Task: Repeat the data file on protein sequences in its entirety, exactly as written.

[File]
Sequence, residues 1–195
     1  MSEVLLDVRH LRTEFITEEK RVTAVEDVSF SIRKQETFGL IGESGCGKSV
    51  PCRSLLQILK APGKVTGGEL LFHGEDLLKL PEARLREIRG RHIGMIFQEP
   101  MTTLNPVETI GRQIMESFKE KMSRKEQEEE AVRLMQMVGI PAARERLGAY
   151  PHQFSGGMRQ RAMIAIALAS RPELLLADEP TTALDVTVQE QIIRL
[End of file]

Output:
Sequence, residues 1–195
     1  MSEVLLDVRH LRTEFITEEK RVTAVEDVSF SIRKQETFGL IGESGCGKSV
    51  PCRSLLQILK APGKVTGGEL LFHGEDLLKL PEARLREIRG RHIGMIFQEP
   101  MTTLNPVETI GRQIMESFKE KMSRKEQEEE AVRLMQMVGI PAARERLGAY
   151  PHQFSGGMRQ RAMIAIALAS RPELLLADEP TTALDVTVQE QIIRL